A reminder: you’ll find a flawless rib-eye in Fallon and Byrne, an infinitely superior restaurant, plus a starter or dessert for €24; Le Bon Crubeen do a very good sirloin with chips and salad for €13; and The Larder run a special offer on steak plus chips and salad for €10. You’ll find two of the best steaks in Ireland at Aldi for just €12-14. All of those steaks vary in quality, but all are very good value. But if you’re in the mood for poor quality and bad value, the Buenos Aires Grill won’t let you down.


  1. You got a pretty clear opinion on this one Peter!I’ll take your word for it. (Living Social has just sold 1,036 vouchers for this restaurant, which might explain why all tables were taken)

  2. I get so annoyed when I’ve wasted money on bad food…its like a wasted meal!

  3. I honesty cant believe rjat place is still open! It was a dump even 6 years ago. Another place for great steak is Ryans of Parkhatr street. Lovely spot.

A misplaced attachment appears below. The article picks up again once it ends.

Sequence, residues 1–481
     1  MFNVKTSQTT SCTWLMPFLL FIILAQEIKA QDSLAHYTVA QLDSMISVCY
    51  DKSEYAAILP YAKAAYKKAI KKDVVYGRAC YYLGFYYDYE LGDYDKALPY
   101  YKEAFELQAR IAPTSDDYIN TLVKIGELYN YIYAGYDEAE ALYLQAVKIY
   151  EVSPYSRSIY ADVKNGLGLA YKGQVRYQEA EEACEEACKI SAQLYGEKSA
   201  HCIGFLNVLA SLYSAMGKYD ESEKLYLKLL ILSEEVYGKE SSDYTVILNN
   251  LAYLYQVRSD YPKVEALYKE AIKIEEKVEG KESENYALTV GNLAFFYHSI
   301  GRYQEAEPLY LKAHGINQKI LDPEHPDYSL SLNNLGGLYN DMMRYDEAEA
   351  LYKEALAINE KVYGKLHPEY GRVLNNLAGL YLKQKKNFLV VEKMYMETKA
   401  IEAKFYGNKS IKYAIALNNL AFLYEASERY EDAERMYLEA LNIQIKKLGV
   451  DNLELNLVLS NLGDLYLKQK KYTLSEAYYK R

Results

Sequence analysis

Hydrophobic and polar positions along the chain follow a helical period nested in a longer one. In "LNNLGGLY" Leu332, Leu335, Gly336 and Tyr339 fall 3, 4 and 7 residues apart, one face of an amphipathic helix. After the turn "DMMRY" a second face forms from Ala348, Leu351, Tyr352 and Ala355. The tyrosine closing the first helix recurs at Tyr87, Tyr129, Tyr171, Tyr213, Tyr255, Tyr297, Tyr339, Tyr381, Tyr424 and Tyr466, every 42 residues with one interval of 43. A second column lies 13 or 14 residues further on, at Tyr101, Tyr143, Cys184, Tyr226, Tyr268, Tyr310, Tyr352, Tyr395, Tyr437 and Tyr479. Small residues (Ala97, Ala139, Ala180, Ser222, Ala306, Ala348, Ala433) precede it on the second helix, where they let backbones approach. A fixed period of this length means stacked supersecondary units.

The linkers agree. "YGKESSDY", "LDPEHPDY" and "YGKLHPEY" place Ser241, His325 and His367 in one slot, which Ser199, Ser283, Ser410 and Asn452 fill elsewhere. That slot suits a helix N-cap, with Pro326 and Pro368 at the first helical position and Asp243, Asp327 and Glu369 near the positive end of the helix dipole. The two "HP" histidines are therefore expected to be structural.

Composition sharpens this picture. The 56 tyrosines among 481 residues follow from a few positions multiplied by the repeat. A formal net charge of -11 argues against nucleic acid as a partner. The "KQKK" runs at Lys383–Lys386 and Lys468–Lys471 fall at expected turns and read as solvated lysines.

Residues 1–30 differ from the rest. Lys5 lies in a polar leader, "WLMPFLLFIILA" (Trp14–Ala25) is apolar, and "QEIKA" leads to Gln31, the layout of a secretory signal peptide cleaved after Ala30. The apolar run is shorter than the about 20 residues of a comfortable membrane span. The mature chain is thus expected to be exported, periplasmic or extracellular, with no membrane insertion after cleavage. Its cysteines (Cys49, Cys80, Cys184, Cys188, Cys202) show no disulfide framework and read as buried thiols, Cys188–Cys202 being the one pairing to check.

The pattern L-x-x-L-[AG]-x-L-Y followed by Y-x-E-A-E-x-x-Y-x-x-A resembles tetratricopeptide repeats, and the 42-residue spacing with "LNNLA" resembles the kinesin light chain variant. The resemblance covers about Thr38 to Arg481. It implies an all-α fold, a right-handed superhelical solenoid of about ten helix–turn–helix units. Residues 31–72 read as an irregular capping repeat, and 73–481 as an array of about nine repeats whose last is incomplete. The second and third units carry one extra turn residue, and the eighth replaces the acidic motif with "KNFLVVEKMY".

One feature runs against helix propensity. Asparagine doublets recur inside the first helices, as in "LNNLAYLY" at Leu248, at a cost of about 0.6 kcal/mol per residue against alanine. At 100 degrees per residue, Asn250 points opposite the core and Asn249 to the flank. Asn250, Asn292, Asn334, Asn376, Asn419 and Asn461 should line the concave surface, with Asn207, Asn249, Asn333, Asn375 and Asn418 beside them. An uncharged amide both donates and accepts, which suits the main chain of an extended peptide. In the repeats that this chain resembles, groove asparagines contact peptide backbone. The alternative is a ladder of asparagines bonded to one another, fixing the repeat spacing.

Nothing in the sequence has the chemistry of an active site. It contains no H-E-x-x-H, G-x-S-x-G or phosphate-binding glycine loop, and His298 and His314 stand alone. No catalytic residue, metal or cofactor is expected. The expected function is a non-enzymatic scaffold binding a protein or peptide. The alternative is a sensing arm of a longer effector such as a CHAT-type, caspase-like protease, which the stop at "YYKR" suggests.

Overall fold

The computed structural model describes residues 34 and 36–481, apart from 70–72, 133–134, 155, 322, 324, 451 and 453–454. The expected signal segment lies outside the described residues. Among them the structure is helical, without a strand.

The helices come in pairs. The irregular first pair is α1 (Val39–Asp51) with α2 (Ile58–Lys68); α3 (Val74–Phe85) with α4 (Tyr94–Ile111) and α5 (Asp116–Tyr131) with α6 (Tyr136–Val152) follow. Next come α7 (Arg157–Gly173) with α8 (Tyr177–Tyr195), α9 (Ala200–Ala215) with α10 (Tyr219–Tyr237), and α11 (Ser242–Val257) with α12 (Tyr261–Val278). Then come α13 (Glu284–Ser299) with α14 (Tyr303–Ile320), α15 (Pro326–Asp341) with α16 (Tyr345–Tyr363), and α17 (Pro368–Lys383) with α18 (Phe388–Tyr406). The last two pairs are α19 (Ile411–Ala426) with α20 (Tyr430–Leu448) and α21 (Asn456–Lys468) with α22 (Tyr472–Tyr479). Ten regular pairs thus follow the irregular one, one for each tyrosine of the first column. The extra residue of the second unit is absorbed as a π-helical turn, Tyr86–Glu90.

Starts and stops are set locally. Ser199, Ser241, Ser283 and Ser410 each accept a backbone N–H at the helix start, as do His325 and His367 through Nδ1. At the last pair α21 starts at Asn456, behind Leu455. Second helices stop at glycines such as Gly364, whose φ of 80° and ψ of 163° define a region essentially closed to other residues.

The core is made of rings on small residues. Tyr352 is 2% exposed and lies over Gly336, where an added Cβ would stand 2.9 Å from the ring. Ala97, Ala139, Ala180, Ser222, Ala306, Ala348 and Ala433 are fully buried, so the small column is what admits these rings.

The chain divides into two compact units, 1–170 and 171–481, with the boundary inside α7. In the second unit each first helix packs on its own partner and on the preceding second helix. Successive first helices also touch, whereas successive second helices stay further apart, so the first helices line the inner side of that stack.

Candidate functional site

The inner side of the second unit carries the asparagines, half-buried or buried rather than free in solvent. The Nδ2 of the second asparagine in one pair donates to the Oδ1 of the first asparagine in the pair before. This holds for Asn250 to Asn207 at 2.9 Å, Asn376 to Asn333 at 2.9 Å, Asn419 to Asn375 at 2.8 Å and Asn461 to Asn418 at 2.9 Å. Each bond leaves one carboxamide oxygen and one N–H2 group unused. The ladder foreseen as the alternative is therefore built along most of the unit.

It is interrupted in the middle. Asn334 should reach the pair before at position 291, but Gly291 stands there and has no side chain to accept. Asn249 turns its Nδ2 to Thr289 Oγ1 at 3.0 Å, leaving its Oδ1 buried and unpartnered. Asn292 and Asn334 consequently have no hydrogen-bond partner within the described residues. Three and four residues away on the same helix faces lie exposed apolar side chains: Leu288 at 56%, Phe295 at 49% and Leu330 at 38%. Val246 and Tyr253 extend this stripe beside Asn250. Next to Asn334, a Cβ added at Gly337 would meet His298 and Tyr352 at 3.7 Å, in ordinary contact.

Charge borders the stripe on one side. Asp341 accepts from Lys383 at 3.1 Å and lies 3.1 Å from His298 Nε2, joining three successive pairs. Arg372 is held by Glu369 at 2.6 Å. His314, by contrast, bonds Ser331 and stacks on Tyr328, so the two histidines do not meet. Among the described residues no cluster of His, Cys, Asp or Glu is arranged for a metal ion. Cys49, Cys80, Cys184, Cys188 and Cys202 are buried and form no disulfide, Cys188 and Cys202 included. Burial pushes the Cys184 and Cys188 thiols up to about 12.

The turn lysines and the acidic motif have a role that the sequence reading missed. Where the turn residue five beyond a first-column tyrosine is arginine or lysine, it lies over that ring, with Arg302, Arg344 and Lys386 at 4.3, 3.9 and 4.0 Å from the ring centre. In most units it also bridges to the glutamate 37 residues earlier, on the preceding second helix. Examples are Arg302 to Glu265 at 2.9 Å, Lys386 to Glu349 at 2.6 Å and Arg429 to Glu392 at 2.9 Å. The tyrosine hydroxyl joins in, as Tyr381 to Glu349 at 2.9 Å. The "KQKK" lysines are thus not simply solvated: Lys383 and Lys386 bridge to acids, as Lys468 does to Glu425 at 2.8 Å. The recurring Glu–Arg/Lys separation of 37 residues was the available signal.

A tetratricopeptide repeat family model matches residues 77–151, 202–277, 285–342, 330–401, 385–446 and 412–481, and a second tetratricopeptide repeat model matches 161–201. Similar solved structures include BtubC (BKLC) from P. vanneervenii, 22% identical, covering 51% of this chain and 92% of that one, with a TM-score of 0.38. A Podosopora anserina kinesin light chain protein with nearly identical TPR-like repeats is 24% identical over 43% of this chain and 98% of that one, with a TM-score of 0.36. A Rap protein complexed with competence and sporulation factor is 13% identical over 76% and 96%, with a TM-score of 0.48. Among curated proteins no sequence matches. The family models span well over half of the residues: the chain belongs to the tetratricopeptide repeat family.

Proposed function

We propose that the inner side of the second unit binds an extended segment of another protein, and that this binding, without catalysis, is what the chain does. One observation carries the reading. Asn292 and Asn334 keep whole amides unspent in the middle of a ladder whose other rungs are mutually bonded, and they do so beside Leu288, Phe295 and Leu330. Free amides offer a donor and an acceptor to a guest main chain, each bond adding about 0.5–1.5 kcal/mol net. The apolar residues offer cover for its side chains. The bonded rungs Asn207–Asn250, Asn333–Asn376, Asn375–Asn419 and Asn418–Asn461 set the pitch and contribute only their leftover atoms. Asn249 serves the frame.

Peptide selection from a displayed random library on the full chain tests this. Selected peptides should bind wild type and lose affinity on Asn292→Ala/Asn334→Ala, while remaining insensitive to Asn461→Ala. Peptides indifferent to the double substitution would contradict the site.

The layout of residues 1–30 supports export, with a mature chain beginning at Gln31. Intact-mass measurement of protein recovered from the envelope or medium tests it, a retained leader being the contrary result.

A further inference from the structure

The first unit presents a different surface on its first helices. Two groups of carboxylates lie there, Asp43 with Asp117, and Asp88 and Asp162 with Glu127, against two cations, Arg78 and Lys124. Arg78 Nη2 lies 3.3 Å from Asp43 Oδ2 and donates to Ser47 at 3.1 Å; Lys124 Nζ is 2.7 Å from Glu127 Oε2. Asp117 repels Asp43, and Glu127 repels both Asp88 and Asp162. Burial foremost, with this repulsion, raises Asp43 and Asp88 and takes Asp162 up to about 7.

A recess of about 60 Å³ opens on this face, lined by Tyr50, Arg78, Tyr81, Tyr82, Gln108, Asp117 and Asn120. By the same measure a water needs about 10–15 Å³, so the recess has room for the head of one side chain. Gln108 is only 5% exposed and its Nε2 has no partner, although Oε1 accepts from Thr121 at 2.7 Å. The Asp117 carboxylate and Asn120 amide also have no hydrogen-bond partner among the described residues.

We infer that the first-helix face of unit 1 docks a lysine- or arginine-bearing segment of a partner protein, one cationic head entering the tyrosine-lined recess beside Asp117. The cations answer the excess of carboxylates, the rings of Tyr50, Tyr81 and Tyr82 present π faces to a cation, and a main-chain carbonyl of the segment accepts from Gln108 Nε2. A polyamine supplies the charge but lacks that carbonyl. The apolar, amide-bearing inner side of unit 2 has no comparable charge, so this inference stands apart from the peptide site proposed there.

4. Funny thing, I’ve been there 3 times, first time it was amazing, the meat was cooked to perfection, I could cut it with the back of the knife, if I had entered blindfolded and proved that striploin beef I would swear I was in Shanahan’s on the Green. With it I had a chimichurri sauce and a typical Argentinian dessert with dulce de leche.

    I was so amazed that I brought a couple of friends with me for the second round, and this time the meat was a bit overcooked and I guess my friends were about to ask why I was talking so much about Buenos Aires’ striploin steak.

    Third time was just to check. The steak was well cooked but the meat wasn’t as soft as the first time, the chimichurri sauce was tasteless and the typical Argentinian dessert was replaced by a crème brûlée (which was the highlight of the third visit).

    I can’t complain about the service, they were always on the spot even though the place was full on the three visits I made. Would I make a fourth visit? Probably… would I make a fifth visit if I am disappointed? Surely not.

    Just out of curiosity, I never asked them where the meat was from but my first visit to Buenos Aires was before the EU ban on Brazil’s beef. Could the difference in my experience be result of the ban?